In addition, the legislation would do away with a requirement for cities to renew municipal rabbis’ terms every 10 years or give them the option of convening election assemblies to appoint a new rabbi. Instead, city rabbis would essentially hold their jobs until they turn 75, after which they would need to have the city that employs them extend their terms.

Protesters rally for women’s rights at the Tel Aviv Rabbinate, July 18, 2023 (Yael Gadot)

Israel has about 470 municipal rabbis in total. Their monthly salaries range from NIS 9,000 ($2,400) to NIS 43,000 ($11,200). Some 30 cities without a rabbi would be forced to hire one under the bill, and Tel Aviv and Haifa, which do not currently have any rabbis, would need to hire a minimum of two.

In an analysis of the bill over the summer, the Israel Democracy Institute found that it would allow for the hiring of 1,070 new rabbis, though there were only plans for 514, at a cost of NIS 120 million ($33 million).

“The situation is absurd. Rather than seeing how fractured our nation is right now, how threatened we are existentially and how dangerous our internal situation, [committee chairman MK Simcha] Rothman and co. are taking advantage of the war to pass a bill that will spend tens of millions of shekels to deprive citizens of their basic Jewish rights and provide more jobs for the Haredim,” Rabbi Seth Farber, the director of the ITIM nonprofit, an advocacy group that helps Israelis navigate their country’s religious bureaucracy, told the Times of Israel.

After the bill was shelved earlier this year, the Religious Services Ministry introduced a set of proposed regulations that would accomplish the same goal while sidestepping intense public and legislative opposition.

Currently, local governments have a majority on the election committees, with 50% of the votes going to city councilmen and the municipality director-general and the rest evenly split between public representatives chosen by the municipality and the religious services minister.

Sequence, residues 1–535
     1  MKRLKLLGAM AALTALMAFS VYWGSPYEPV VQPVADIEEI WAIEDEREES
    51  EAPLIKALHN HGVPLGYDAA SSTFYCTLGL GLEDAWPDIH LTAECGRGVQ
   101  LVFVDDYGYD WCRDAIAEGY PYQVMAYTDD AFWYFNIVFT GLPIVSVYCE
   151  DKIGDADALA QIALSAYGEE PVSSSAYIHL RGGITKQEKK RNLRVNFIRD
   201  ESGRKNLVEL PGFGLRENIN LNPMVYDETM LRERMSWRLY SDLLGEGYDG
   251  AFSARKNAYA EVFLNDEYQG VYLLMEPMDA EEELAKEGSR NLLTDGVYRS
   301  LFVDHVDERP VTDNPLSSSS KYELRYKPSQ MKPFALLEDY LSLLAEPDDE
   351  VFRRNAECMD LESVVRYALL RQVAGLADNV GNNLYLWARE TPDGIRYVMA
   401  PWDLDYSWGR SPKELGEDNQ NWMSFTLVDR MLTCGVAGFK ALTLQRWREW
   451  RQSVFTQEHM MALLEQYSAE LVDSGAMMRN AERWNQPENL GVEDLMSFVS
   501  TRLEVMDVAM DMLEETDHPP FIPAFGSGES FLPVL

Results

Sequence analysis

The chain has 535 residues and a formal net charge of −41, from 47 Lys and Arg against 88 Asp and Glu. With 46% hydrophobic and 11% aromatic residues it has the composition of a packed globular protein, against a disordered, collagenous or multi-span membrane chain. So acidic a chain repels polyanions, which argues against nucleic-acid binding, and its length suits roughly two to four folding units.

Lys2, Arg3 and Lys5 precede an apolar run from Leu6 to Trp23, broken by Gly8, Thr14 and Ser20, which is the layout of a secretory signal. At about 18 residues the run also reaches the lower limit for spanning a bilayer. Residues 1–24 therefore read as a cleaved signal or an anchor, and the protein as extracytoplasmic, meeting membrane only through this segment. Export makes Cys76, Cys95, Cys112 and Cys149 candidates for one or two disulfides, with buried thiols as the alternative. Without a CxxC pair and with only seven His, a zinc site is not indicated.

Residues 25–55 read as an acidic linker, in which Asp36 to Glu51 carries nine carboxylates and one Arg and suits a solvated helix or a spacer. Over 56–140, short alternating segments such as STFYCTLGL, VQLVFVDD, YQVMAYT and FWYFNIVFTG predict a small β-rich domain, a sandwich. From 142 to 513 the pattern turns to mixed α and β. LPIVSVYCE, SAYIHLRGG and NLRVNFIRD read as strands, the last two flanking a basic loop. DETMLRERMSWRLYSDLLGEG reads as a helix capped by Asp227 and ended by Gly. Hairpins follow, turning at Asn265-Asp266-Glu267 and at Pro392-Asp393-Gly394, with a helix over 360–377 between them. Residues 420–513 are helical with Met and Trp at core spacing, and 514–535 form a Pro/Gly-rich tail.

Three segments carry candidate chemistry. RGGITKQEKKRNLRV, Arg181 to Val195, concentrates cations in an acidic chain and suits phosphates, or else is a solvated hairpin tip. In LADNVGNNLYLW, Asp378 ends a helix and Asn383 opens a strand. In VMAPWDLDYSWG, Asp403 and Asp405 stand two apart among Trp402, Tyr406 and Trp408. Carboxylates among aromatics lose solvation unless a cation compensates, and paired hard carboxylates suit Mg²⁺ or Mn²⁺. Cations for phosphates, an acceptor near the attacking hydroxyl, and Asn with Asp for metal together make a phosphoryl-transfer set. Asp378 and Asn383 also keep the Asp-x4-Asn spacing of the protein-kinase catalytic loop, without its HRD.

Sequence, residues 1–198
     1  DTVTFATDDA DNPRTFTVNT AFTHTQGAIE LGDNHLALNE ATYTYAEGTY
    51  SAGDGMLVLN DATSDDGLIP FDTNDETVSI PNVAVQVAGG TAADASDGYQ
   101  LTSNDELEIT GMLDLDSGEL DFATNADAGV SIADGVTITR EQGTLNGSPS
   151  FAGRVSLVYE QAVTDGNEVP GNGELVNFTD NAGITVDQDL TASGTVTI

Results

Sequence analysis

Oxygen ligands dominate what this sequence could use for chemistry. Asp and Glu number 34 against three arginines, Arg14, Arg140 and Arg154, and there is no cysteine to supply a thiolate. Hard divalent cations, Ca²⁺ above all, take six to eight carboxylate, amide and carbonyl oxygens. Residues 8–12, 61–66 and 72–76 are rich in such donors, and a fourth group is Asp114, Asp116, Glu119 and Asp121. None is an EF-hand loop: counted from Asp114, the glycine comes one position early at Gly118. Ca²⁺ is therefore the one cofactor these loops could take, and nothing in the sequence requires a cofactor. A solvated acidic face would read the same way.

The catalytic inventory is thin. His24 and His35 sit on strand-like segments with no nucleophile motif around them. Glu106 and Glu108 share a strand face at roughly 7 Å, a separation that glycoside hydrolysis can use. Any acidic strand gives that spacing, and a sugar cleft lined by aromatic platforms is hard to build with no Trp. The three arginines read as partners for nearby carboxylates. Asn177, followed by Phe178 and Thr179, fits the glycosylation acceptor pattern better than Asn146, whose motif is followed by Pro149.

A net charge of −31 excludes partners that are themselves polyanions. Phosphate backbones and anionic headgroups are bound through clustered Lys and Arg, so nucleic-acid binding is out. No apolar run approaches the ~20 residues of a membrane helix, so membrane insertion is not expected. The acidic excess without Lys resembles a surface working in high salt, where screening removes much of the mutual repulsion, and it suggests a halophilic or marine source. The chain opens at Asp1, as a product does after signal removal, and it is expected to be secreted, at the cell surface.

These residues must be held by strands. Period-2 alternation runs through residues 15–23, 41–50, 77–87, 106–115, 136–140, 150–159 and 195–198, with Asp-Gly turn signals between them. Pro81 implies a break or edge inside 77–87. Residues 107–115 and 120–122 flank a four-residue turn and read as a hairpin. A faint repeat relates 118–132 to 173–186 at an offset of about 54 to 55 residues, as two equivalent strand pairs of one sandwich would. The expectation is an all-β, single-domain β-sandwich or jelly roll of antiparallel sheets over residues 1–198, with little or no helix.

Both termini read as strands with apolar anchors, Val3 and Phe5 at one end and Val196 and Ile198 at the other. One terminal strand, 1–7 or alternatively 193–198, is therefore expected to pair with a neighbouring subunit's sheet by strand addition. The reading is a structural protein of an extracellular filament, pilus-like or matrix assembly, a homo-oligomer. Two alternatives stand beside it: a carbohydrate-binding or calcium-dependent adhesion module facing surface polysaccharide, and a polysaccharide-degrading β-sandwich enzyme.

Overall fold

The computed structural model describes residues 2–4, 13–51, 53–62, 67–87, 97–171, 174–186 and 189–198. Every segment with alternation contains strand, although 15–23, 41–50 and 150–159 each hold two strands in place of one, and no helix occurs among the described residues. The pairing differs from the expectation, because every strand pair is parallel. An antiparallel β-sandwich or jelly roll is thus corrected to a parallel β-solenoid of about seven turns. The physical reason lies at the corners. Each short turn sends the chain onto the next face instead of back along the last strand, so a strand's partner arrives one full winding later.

Religious Services Minister Michael Malchieli arrives for the weekly cabinet meeting at the Prime Minister’s Office in Jerusalem on January 3, 2023. (Yonatan Sindel/Flash90)

Under the new regulations, municipality director-generals would have been replaced by the heads of local religious councils (who are often appointed by the minister) while the municipality’s public representatives would be cut out of the process entirely.

However, the regulations were never implemented and now appear irrelevant as the matter has returned to the Knesset in legislative form.

Following the announcement of the bill’s revival, Likud lawmakers took to the Constitution Committee’s WhatsApp group to voice their opposition, Army Radio reported.

“Why… are we bringing up a law that is controversial and causes controversy during a time of war,” asked MK Tally Gotliv. “There are enough laws to prepare that are connected to the war. Leave the disputes and this law for better days and take it off the agenda.”

“It was agreed by everyone that it is wrong to promote the law during a war, so it’s unclear why it has now been decided to renew the debate on the law,” chimed in MK Moshe Saada.

“They thought we wouldn’t notice. Enough already,” Gotliv responded.

Canaan Lidor contributed to this report.